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Session 2001: Abortion
By Tom Scheck
December 27, 2000
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Anti-abortion legislation is sure to come up in the Legislature in 2001 Both chambers in the Minnesota Legislature are controlled by legislators opposed to legalized abortion. The only question is where the legislation will appear.

Gov. Jesse Ventura - If he comes out early and says he won't sign any legislation that limits a woman's "right to choose," it may deter lawmakers from even attempting to forward any anti-abortion legislation since they don't have a veto proof majority on the issue.

House Speaker Steve Sviggum - He wants to satisfy the conservative members of the Republican Party who want legislation passed. He favors pushing the "Women's Right to Know" bill again.

Sen. Majority Leader Roger Moe - If he wants to keep anti-abortion legislation from coming up from a vote, he can round up the committee chairmen and women and instruct them to squash any anti-abortion legislation in committee.

Jackie Schweitz - The executive director of Minnesota Citizens Concerned for Life. The group is the most vocal opponent of abortion in the state and pushed for the "Women's Right to Know" bill, last year.

Tim Stanley - The executive director for the Minnesota chapter of the National Abortion and Reproductive Rights Action League. He says abortion rights groups need to do a better job of mobilizing forces in support of legalized abortion during election years.
-Tom Scheck
THE MINNESOTA CHAPTER of the National Abortion and Reproductive Rights Action League says it always relied on the state Senate to block legislation that targets a woman's access to legal abortion. But now, Minnesota NARAL's Executive Director Tim Stanley says the political landscape has changed. For the first time in more than a decade, opponents of legal abortion have a majority in the state Senate.

"We're probably going to be in a defensive posture this year," says Stanley. "Right now we've got a situation where the momentum is in the going the anti-choice way. You've got elections that are going to anti-choice members. We are now in a down position in the Minnesota Senate, which we used to count on to defeat bills."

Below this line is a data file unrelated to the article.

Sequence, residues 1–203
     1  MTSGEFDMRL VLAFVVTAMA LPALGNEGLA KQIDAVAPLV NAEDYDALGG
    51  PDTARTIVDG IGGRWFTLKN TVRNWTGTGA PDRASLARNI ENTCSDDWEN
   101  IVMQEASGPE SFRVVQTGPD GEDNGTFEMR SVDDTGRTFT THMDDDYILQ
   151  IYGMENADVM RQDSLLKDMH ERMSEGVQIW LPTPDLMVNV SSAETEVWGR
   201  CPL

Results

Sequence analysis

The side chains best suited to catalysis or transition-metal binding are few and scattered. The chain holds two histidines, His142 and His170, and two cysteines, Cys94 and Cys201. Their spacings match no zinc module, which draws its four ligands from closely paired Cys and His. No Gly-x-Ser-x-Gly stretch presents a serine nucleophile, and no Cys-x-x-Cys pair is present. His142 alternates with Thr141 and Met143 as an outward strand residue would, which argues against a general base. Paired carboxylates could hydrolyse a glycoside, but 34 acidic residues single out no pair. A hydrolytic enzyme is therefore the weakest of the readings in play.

Stanley says the retirement of DFL Senate President Allan Spear is particularly distressing because he used his parliamentary power to defeat any abortion-related amendments before they came to a vote. Last year, only one abortion-related piece of legislation made it to the governor's desk: the so-called "Women's Right to Know Bill," a 24-hour waiting period for anyone who wants an abortion, was vetoed by Gov. Ventura. "The pro-choice position of the governor has never been bigger than it is today." says Stanley.

Republican House Speaker Steve Sviggum says Ventura's stance probably won't stop legislators from introducing anti-abortion legislation.

"We can sit here right now and pretty well guess that some abortion legislation will and ought to come up," Sviggum acknowledges.

Sviggum says the "Waiting Period Bill" will likely be reintroduced this year.

"This is a piece of legislation that brings people together because it does talk about information, it does talk about facts and options available. It seems to me that everybody would want that given to individuals and be made aware of them."

Other opponents of legalized abortion in the Legislature have more ambitious goals. House DFLer Steve Wenzel will push for a ban on so-called partial-birth abortions, even though the U.S. Supreme Court decided a similar Nebraska law was unconstitutional last June.

"We've got to take a reading of what that court decision says and try to pass a bill that will either conform with the court decision or to make the way for changes in the event there are changes on the Supreme Court of the United States," says Wenzel.

A spokeswoman for Minnesota Citizens Concerned for Life, says her organization is still developing a legislative strategy and wouldn't comment on their proposals.

Tom Scheck is Minnesota Public Radio's health reporter. Reach him via e-mail at